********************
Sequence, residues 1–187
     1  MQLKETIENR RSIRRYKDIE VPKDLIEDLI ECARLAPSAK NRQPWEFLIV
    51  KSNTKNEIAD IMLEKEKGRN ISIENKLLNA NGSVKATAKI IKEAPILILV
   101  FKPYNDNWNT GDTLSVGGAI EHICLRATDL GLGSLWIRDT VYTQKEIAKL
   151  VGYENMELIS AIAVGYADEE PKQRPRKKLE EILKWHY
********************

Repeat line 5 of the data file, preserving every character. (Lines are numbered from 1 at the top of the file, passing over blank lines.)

   151  VGYENMELIS AIAVGYADEE PKQRPRKKLE EILKWHY